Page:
The inspector will provide you with a thorough report of the home. At this point, you have three options. The first option is to accept the home as-is. If you find that the inspection report came back with minor items, you may choose to accept the home in it's current state and move forward with the rest of the home-buying process. The second option is to ask the sellers to make some repairs before you close on the home. From here, the seller has the option to agree to make all of the repairs, agree to make some of the repairs, or refuse to make any repairs. If you cannot come to terms with the seller during the inspection period, you do have the option to walk away within the designated timeline. Your third option is to terminate the contract without requesting any repairs. Some buyers find that the home they are in the process of buying has too many issues to take care of, and no longer want to move forward with the transaction. 

What kind of repairs should I be requesting from the inspection? 

You may not want or need to ask for any repairs. Inspection reports will list many items, most of which will be minor. Typically buyers ask for safety concerns or items that will devalue the home. The inspection negotiation is to make sure you are comfortable moving forward with the transaction. If an item is of concern, we want to address it before moving forward.

How long do I have to decide what repairs I am going to request from the seller? 

This answer can be found in your original Purchase and Sale Agreement. The typical deadline is 5-10 business days after the date that the contract is accepted. This deadline is important to remember. If you have not requested any repairs from the seller before your deadline, they are not obligated to make any repairs, and you lose the chance to terminate the contract legally. If you still choose to terminate the contract, your earnest money will not be refunded. 

What is an appraisal?

Once buyer and seller have agreed on inspection items, the lender will move forward and order the appraisal. The appraisal is required by all lenders. The appraiser's responsibility is to ensure the value of the home meets or exceeds the purchase price that you have agreed to pay. The appraisal process also depends on the type of financing that you have chosen. FHA, VA, and RD loans will require a more extensive process, where the appraiser will be looking for major safety hazards such as peeling paint, exposed wiring, broken windows, and missing handrails. For a standard conventional loan, the appraiser will not be checking for the same hazards listed above, but will simply be checking for value.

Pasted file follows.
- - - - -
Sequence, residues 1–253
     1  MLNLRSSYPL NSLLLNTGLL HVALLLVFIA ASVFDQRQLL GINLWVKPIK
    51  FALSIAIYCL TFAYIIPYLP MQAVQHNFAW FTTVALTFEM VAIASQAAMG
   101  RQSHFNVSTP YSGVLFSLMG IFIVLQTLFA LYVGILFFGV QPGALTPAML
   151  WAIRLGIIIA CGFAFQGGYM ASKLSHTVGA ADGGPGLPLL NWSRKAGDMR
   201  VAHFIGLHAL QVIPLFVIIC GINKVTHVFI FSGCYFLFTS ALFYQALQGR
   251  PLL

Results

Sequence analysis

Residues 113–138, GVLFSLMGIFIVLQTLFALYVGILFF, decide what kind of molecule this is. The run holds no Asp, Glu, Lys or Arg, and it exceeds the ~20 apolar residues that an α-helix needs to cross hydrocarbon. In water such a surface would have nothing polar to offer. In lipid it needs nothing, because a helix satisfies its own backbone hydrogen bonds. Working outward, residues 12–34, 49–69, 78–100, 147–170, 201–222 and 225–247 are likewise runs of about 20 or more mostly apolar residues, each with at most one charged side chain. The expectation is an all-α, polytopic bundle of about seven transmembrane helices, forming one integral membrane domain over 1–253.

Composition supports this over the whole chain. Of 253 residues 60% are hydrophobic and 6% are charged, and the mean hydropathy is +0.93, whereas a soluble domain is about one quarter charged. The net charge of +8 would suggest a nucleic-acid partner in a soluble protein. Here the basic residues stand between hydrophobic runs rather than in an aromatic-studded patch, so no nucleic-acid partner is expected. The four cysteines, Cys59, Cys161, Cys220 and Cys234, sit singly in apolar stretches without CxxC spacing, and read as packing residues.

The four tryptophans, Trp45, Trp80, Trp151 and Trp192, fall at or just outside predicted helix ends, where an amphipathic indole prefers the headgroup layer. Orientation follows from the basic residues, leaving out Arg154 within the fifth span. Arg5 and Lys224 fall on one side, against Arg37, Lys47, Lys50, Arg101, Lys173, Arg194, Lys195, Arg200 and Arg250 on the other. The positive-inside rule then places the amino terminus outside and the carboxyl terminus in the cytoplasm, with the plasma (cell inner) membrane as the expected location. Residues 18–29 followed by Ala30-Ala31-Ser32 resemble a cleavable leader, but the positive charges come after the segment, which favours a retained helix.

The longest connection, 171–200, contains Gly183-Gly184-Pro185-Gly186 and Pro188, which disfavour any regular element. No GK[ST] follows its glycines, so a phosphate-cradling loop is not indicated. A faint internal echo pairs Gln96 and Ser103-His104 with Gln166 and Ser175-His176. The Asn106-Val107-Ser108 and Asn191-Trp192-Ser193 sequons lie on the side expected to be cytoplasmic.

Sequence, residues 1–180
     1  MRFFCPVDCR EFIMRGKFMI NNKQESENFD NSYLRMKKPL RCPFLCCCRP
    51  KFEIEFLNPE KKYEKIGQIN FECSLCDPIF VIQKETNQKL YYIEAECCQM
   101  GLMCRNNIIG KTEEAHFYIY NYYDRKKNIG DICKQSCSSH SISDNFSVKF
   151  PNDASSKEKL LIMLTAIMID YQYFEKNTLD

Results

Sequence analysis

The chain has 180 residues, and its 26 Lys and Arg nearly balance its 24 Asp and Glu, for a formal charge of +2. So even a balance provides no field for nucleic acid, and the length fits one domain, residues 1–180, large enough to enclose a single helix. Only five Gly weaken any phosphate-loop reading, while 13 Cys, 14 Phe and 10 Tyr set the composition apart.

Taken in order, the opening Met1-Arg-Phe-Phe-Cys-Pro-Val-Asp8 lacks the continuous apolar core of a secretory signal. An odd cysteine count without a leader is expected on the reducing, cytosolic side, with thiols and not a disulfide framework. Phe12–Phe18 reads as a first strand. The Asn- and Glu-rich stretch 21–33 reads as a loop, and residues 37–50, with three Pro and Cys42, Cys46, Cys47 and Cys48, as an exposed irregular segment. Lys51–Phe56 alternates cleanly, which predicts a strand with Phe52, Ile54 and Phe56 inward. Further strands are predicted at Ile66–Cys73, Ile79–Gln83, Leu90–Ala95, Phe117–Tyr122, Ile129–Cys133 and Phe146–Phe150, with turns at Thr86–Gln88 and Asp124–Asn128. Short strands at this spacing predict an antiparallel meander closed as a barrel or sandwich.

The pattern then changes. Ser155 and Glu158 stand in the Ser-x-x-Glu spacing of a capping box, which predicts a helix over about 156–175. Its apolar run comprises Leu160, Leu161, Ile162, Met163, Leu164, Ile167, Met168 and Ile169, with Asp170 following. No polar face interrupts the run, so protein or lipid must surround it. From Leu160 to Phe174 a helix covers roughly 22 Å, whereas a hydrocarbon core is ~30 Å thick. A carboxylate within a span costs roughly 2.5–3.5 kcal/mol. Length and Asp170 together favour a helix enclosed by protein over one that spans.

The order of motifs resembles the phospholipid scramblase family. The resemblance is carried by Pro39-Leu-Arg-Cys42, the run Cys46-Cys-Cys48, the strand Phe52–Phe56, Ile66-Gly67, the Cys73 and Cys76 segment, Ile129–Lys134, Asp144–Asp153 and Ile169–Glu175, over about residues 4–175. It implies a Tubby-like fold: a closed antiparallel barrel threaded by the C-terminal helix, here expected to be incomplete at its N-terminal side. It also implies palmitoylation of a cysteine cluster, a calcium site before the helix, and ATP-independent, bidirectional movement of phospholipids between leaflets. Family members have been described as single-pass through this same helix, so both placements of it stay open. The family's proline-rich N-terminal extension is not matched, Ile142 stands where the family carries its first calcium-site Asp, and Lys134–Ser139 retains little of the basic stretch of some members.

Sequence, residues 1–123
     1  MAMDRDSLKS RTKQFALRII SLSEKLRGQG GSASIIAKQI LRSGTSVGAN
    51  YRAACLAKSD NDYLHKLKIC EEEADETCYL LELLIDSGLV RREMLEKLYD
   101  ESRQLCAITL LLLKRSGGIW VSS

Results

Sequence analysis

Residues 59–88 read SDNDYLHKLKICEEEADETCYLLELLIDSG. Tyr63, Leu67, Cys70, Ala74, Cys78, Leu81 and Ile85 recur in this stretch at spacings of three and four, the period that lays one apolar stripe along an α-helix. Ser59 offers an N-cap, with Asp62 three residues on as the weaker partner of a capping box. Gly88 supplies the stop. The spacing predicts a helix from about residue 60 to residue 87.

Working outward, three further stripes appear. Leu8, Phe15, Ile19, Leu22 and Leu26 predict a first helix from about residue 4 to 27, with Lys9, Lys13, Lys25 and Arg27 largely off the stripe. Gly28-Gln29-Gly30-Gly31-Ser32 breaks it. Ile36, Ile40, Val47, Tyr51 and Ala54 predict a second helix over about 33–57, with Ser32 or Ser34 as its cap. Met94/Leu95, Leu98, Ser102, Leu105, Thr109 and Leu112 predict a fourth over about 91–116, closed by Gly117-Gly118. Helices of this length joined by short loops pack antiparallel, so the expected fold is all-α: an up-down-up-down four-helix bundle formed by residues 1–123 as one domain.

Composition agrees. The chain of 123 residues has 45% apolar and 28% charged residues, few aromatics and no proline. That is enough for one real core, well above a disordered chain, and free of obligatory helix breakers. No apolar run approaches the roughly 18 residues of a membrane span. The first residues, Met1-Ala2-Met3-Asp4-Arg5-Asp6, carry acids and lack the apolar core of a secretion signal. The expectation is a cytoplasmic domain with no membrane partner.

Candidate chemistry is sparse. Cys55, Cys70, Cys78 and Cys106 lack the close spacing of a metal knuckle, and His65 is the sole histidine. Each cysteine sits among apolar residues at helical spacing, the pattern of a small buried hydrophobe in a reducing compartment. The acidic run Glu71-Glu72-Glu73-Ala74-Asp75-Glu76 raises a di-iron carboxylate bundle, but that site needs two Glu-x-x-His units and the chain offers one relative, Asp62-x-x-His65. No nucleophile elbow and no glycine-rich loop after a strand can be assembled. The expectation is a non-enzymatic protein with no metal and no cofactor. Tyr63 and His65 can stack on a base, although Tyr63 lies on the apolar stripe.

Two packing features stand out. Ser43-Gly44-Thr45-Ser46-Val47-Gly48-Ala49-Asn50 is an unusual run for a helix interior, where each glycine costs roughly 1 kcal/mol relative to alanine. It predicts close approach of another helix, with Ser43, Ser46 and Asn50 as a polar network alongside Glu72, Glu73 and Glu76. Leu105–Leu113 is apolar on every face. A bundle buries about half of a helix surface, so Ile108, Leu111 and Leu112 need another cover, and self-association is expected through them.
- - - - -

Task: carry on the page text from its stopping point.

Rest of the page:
Why do I need an appraisal?

Anytime you are purchasing a home with the help of a lender, an appraisal will be required. The lender needs to be assured that the home you are purchasing is a sound investment, which the appraisal will determine.

Can I choose who the appraiser is?

No. Not even the lender can choose the appraiser. When a lender orders an appraisal, the home is put into a pool of other homes in need of an appraisal. Appraisers have access to this pool, and pick which orders they will complete. This keeps the appraisal process fair, because a neutral third party completes the appraisal. The appraiser is not affected if the sale does or does not close, and the lender cannot influence the appraiser one way or another because they cannot communicate with one another.  

What if the home does not appraise at value?

Unfortunately, sometimes the home does not appraise for the purchase price that has been agreed upon between buyer and seller. If this is the case, there are a few options for you as a buyer. The seller may have their agent pull valid comparable properties that have recently sold to send to the appraiser. These comparable properties must meet certain requirements, and even these may not convince the appraiser that the purchase price is sound. If the seller has pulled valid comparable properties, and the appraisal report value does not change, the seller may consider lowering the purchase price to meet the report value. As the buyer, you may also make up the difference between the purchase price and appraisal price with cash funds. If you do not wish to move forward with the sale after the appraisal does not come in at value, you may void the contract and your earnest money may be refunded. Your agent can best direct you on how to handle this situation.